“Would you be a moon for the lunatics here?”*


I’m already looney. Pick me.
The luna plena sneaks in from the high window.
You burrow between
my legs, howl and howl.
Some people can turn into wolves just
by wanting to become one.
I bet this happens all the time.
You’re Nicholson and then
you’re the wolf.
No one ever mentions the bite –
the ecstasy of the wounding.
At no time do I stare you in the eyes.
I bare my throat to you.
Then I disappear.


  • a line from “After The Tour, or A Tirade on Shitville,” a poem by Michael Farrell.





The Downside of Love

I’ve had better-looking suitors. Better mannered. Better dressed. They know to
wipe their feet at the door, to rise when a lady leaves the room. Punctuality is
always a sore spot between us. Easily distracted, he can detect pussy a mile away.
I’ve been treated better, too. Been taken out for dinner instead of having it
dropped at my feet. Even that might be okay, but it’s rarely just the two of us.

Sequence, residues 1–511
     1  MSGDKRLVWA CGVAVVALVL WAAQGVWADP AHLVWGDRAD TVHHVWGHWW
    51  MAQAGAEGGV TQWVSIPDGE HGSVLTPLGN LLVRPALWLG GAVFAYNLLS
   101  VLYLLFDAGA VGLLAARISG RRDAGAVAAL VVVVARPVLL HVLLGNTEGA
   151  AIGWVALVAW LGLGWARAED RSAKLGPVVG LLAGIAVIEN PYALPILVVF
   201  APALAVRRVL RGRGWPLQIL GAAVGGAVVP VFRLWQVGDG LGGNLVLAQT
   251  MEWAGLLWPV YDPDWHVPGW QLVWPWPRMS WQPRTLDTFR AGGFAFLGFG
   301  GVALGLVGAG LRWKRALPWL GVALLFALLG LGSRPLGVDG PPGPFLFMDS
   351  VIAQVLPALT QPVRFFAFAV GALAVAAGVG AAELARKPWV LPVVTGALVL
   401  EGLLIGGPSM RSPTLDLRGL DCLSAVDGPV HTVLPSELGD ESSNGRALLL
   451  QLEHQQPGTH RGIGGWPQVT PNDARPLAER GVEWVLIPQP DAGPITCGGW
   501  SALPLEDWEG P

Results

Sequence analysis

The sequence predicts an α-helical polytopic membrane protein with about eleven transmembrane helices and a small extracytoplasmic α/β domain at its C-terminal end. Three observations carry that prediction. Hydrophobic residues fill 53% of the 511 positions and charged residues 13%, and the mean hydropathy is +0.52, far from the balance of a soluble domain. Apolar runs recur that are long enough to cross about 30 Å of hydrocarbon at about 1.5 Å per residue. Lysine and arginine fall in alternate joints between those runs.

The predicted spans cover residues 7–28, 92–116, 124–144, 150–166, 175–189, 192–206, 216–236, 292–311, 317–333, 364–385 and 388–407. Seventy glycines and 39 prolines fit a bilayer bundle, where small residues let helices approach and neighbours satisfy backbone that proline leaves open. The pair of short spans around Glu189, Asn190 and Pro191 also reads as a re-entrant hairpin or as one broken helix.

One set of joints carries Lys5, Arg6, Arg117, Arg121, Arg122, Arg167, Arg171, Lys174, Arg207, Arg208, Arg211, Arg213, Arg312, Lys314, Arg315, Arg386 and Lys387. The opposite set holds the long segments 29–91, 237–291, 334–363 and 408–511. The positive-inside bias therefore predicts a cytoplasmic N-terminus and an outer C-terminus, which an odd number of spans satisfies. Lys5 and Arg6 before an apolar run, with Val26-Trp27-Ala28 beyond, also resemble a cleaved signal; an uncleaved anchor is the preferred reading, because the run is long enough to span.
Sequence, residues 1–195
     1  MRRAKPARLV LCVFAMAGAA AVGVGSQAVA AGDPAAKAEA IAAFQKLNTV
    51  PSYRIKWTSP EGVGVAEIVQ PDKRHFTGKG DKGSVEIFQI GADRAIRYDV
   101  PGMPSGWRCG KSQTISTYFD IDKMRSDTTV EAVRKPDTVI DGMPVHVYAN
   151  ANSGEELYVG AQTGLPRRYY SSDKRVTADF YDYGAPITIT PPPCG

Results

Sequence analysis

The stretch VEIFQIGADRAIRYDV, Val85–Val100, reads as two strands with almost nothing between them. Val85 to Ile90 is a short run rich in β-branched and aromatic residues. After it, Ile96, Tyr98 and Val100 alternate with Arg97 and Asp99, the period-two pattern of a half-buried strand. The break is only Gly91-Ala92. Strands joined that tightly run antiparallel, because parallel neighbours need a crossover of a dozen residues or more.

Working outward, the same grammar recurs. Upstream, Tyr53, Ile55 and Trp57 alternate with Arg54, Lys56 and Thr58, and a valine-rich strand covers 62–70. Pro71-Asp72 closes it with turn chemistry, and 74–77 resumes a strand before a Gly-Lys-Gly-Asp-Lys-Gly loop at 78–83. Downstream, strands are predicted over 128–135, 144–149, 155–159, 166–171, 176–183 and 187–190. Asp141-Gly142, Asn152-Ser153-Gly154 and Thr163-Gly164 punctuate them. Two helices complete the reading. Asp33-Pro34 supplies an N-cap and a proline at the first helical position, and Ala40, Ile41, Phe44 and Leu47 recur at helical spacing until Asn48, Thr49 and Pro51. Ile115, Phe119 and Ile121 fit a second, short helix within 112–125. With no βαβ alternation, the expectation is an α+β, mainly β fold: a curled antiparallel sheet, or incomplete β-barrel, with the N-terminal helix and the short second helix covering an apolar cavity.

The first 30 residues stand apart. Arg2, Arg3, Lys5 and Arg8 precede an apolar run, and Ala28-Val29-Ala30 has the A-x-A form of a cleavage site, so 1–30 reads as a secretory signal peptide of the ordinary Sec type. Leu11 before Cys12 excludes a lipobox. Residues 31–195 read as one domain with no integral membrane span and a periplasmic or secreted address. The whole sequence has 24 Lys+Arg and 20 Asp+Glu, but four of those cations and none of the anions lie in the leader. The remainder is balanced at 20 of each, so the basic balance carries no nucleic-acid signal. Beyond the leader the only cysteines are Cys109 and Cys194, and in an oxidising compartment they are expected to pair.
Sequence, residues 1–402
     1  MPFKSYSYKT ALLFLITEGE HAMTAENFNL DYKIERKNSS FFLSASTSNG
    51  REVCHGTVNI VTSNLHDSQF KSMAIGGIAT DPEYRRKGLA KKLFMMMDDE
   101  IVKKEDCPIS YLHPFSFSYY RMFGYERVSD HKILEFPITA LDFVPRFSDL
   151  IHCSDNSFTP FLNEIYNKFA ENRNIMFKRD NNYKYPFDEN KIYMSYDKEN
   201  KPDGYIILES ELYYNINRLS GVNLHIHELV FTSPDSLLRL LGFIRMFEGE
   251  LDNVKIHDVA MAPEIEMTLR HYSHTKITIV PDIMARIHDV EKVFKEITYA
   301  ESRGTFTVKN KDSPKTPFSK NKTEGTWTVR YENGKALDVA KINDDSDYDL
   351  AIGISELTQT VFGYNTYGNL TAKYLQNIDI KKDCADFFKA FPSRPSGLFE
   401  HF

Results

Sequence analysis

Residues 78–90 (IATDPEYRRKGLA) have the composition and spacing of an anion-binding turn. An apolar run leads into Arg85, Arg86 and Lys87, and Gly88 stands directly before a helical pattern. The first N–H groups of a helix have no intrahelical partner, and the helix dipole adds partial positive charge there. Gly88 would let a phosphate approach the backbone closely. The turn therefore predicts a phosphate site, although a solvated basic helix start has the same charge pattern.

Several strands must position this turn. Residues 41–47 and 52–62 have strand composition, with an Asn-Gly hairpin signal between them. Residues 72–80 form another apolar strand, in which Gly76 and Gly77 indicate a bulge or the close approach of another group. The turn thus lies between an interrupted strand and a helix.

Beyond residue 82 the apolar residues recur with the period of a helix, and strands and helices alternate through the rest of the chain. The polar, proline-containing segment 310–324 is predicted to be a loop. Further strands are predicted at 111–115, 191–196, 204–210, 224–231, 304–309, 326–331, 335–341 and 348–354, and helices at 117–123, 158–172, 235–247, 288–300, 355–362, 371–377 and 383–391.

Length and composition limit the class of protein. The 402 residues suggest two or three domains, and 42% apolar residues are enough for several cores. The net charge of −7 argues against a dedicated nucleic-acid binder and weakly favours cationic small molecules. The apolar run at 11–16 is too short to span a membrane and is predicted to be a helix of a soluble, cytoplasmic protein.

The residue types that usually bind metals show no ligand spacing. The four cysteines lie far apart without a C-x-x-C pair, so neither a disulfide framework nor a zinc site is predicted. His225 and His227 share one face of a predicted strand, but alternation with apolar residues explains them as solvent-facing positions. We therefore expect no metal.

The thing about wolves? They run in a pack. And if I manage to pull him away,
those yellowed fangs! That gamey breath! Try, just try to get him to the dentist.
Truth told, his hair’s too wiry, his nostrils perpetually flared. When I reach for him
at night, his nose is cold. He’s too hot to sleep with in the summer. In winter, he’s
lumbering and slow to rouse. But ah! The snuggled heat of his belly when the snow
falls, the nuzzle of his muzzle against my clit, the moon-shattering scream when I



About the poet: 

Alexis Rhone Fancher is published in Best American Poetry 2016, Plume, Rattle, Diode, Nashville Review, Tinderbox, Verse Daily, and elsewhere. She’s the author of three poetry collections, most recently ENTER HERE (KYSO Flash Press, 2017.) A multiple Pushcart and Best of the Net nominee, Alexis is poetry editor of Cultural Weekly. Alexis’ work has appeared previously in, and her short story “His Full Attention” appears elsewhere in this issue.

For more about Alexis, see